After 52 years in the United States, Jose´ Azua is impervious to the insults.
This month when President Trump spoke from the Oval Office to characterize immigrants once again as murderers, drug dealers and rapists, I was so upset by his hate-filled remarks, I had nightmares.
Azua slept peacefully. He’d heard it all before.
It was the same racism he faced when he came to this country from Mexico — legally — with his mother when he was 8 years old. “It’s what I had to struggle with as I grew up,” he said.
Azua’s mother married an American citizen, who adopted her three children when they moved to the U.S. in the 1960s.
Azua lives in Centennial with his wife, Marina, and their children Alejandro and Mia. He recently retired after a long career working mostly with immigrants for U.S. employers.
He worked as an executive for a $300 million-a-year national cleaning company, ran construction crews and always has managed to make a good living.
“I was in a somewhat better position than most people for many years because I was bilingual,” Azua said, “so in the late 1970s and early ’80s when the big migration started, I was able to communicate with both sides.”
Businesses eager to hire the new immigrants needed Azua.
“I heard the things being said and I heard all about what was being done to immigrants. It was not being said or done to me.
“I was a commodity for them,” he said.
An essential commodity.
Forty years ago, “everyone looked the other way” when businesses sought workers from Mexico and created a pipeline for undocumented immigrants coming to the U.S., Azua said.
He was working in the construction industry in those days, and it was frustrating to employers that U.S. workers expected to work eight-hour days. “They’d come to work at 7 and expect to leave at 3,” he said.
“The contractors would say, ‘but I’ve got a project to finish,’ so they’d hire immigrants from Mexico who would work dawn to sunset and into the night. The contractors said the immigrants didn’t care how long they worked, and they only had to pay them half the salary of a U.S. citizen.”
This is why the business community has always loved illegal immigration.
For a short time in the 1980s, when Azua worked in the cleaning industry, the government provided incentives for companies like his to hire U.S. citizens instead of immigrants.
“But the program didn’t last,” he explained. “The quality of the work suffered, and there was not a desire among U.S. citizens to work in our industry.”
So, even financial incentives weren’t enough to change the business model.
At the same time, the whole dynamic of exploitation was not exactly a sweet deal for the immigrants.
“None of the people who came either legally or illegally planned to stay here long-term,” Azua said. “They came here just to work. But they became almost entrapped living here.”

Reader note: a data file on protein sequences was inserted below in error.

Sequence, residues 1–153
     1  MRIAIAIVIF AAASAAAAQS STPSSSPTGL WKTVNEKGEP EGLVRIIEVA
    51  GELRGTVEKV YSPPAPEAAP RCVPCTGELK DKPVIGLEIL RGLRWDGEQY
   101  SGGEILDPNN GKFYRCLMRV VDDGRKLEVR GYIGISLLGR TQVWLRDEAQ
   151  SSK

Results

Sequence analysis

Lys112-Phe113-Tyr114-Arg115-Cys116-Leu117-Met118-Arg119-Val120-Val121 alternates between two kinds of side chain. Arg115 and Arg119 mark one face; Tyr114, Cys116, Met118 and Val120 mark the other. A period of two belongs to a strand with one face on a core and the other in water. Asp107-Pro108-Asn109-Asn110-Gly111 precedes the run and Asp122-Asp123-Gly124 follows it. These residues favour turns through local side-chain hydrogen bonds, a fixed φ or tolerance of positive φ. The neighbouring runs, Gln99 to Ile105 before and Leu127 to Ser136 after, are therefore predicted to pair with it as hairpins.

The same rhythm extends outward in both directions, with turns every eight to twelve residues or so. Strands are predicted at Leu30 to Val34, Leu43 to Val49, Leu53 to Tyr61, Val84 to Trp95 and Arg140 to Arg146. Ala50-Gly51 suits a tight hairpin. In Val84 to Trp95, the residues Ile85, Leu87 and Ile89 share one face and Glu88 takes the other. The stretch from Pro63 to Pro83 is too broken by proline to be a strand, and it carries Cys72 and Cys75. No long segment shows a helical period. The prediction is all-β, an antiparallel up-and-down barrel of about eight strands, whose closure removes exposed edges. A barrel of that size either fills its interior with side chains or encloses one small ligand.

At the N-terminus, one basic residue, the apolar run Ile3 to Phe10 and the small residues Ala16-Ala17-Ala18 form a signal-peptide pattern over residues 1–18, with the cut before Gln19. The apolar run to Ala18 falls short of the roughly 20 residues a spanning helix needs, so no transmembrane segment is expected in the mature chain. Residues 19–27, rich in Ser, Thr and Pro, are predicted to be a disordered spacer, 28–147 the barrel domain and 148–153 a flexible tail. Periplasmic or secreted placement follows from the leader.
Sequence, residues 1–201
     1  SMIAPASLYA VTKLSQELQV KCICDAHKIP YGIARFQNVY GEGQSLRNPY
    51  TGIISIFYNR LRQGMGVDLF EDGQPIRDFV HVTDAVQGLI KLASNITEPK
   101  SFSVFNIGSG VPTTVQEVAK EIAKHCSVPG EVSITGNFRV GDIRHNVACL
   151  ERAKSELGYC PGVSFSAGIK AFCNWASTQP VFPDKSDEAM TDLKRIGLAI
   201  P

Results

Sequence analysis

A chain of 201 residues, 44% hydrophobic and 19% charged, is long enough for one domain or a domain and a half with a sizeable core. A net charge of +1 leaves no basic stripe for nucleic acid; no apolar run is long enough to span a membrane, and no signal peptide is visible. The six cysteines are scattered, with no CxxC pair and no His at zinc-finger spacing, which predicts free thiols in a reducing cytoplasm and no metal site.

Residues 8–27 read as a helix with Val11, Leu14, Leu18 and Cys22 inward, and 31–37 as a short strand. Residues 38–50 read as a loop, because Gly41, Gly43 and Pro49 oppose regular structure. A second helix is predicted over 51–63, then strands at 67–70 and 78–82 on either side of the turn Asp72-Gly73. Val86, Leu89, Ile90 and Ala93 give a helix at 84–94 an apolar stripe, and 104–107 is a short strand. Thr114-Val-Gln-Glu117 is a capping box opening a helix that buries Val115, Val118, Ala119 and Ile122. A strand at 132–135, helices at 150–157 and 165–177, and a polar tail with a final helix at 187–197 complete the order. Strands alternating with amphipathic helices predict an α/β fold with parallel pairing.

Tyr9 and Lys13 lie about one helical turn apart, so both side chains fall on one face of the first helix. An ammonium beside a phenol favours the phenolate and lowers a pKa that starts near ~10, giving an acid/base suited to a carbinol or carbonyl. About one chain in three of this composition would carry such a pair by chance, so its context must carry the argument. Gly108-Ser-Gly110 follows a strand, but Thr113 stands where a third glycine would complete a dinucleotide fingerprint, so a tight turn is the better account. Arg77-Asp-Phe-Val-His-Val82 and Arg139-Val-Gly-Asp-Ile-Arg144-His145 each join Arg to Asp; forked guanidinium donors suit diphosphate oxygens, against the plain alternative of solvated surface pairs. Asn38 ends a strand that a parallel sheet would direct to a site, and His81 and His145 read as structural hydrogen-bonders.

Lured by jobs, many arrived in the U.S. expecting to be able to travel back and forth to their home countries. But they soon found they were unable to leave, and so they found themselves building lives here, creating families who all ended up living in the shadows.
Then, years went by and the concept of “home” no longer meant the same as it once did.
This is the fundamental reason for illegal immigration, said Azua, the guy who provided the essential communications tool for businesses to hire immigrants and for immigrants to find work here for so long.
“I think the most important thing to understand is that as long as there is opportunity in this country and we don’t fix the immigration laws, people are going to find a way to come here — wall or not,” he said.
“As long as employers keep hiring them, the wall won’t make any difference. They will find a way.”
While many Americans and people around the world have been shocked by the white supremacist rhetoric coming from the White House defaming Latinos and others, Azua is not surprised by any of it.
“You know, I have a lot of history being in this country for a very, very long time. This attitude that Trump shows is what I grew up with living in Texas. There are a lot more people like him in this country than many people realize. He’s just exposed them to the world.”
But Azua thinks their power actually is dissipating. Their numbers are small compared to the richly diverse population and culture exploding all around them.
The Trump acolytes are destined to be increasingly irrelevant, which explains their feverish remonstrations against the rising stature of people who are different from them.
“From the beginning, I remember when Trump first was elected I said I believed that this was the final phase, last tribal hurrah for people like him,” Azua said.
We can only hope he’s right.
Diane Carman is a Denver communications consultant. @dccarman
More from The Colorado Sun
- Opponents of Colorado’s new oil and gas regulation law won’t try to repeal it — at least not this year
- Voters, for the first time, could get final say in the war over wolves in Colorado
- Colorado jails can’t hold people accused of low-level crimes in lieu of bail anymore. And that means current inmates could be released.
- Opinion: If we want to support women entrepreneurs, Colorado needs a paid family leave plan
- Construction workers exploited by Colorado’s underground economy want to add bite to wage theft law